Referring to FIG. 4, it is seen that the switches B, B', C and C' have essentially the same electronic configuration; and, accordingly, the corresponding components in each of these four switches have been given the same numerical designation. The actual ON/OFF switching is carried out by the power transistors 1, 2, 3 and 4 which are in turn operated by the bias experienced at their respective bases. Assuming that switch B is gated ON at a given instant (which implies that C is ON, and that B' and C' are OFF) then, if the applied input voltage is in the positive going half-cycle, current will flow through diode 33, inductor 35, power transistor 1 and diode 32 on through filters D and E to the load F. If the applied voltage were in a negative going half-cycle, the current flow would have been via diode 29, power transistor 1, inductor 35 and diode 34. Inductor 35 proscribes the rate at which the current through power transistor 1 increases; and diode 26 is a "free-wheeling" diode. This means that the tendency of the input end of inductor 35 to go negative, as a consequence of the inductor current's inability to change instantaneously, will be halted when diode 26 latches on and starts conducting with its cathode one diode voltage drop below the collector of power transistor 1 (Pressman, 1977). In shunt with power transistor 1 are resistor 27 and capacitor 28 in series; and in shunt with resistor 27 is the series combination of resistor 31 and diode 30. The rapid interruption of the current through inductor 35 generates voltage spikes across the switching power transistor. These are damped out by making the C-R time constant of resistor 27 and capacitor 28 greater than the period of these voltage spikes; and the capacitor across the secondary of the input transformer 22 provides an equivalent damping function with respect to similar spikes caused by the interruption of the current through the transformer secondary. Diode 30 prevents capacitor 28 from discharging through charging resistor 31, while resistor 27 regulates the discharge of capacitor 28 in some manner consistent with the switching frequency (Pressman, 1977, Opal et al, U.S. Pat. No. 3,564,394).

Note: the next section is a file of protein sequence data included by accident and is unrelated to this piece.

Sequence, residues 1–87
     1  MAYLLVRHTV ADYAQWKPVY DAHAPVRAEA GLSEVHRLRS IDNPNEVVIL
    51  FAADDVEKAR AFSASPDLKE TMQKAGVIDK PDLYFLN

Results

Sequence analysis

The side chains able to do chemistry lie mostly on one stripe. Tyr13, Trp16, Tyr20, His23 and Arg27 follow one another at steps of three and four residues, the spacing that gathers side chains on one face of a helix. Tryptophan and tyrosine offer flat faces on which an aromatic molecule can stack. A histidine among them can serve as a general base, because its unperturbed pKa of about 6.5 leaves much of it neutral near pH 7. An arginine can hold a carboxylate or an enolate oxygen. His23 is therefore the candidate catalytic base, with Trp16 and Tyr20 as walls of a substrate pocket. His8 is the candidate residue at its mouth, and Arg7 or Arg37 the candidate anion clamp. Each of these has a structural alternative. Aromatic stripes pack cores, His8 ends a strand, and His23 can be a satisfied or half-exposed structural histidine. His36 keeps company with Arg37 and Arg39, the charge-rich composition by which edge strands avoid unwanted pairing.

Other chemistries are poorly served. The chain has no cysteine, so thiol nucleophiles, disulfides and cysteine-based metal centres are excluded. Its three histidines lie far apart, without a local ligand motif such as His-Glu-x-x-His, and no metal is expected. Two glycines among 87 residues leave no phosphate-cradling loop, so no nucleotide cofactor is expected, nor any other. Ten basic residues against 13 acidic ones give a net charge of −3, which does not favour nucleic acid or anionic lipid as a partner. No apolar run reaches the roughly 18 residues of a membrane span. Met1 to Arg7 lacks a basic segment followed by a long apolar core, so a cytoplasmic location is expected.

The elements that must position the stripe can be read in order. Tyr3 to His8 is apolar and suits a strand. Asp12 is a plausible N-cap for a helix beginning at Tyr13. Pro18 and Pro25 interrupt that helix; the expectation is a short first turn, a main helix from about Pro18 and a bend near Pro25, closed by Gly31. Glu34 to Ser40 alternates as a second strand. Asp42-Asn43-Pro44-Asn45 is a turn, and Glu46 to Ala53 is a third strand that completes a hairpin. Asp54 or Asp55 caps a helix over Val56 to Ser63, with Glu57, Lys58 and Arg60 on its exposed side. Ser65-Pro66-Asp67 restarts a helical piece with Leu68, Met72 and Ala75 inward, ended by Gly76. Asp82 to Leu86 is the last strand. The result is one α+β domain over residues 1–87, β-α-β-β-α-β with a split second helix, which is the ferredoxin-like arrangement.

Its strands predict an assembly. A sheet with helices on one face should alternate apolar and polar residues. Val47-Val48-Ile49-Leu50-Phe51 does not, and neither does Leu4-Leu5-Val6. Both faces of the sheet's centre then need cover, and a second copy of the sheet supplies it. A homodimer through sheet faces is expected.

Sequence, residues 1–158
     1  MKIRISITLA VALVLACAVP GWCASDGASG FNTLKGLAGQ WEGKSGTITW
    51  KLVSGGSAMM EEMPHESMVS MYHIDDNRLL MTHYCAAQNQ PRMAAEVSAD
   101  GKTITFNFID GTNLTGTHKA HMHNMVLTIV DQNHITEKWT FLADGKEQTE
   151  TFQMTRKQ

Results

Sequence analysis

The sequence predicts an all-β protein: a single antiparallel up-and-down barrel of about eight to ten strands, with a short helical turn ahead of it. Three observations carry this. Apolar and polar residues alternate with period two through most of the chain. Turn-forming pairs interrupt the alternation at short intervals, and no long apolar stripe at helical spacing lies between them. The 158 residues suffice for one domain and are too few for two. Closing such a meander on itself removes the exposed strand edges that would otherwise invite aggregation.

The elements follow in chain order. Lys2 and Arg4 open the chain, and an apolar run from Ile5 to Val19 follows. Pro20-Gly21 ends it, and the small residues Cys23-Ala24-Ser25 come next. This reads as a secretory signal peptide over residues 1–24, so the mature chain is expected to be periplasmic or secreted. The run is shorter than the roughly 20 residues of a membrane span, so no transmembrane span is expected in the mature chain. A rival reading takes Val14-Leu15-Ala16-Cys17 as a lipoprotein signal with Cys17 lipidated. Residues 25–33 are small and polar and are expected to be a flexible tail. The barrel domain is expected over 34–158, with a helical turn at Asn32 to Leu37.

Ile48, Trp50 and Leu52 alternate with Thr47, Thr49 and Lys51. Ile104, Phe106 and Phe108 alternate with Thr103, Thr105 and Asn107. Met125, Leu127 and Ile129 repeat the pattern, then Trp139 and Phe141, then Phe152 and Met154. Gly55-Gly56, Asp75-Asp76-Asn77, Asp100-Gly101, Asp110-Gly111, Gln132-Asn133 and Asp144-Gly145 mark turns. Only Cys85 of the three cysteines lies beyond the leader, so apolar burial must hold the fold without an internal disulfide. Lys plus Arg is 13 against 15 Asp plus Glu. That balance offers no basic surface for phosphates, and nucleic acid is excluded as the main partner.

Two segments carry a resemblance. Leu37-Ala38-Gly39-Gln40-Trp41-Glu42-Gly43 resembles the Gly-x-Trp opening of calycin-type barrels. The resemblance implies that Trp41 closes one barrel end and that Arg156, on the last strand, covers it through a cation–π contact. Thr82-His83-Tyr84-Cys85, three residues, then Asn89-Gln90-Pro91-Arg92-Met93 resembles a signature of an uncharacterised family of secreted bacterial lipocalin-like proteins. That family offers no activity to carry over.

The switched waveform then flows to the parallel combination of the RC active low-pass (D) and high-pass (E) filters of the Sallen and Key design (Martin et al, 1973) at which point the switching harmonics are removed through phase cancellation by the summing network H. The given realization of networks D, E and H lends itself well to integrated circuit technology, besides which, the second order response characteristics of the Sallen and Key networks are closer to the idealized filter characteristics than their equivalent LCR counterparts. In the summing network, H, the input resistors and the feedback resistor must all have the same value to effect an unweighted sum of the input voltage: another requirement is that the gain of the operational amplifier 102 be much greater than unity.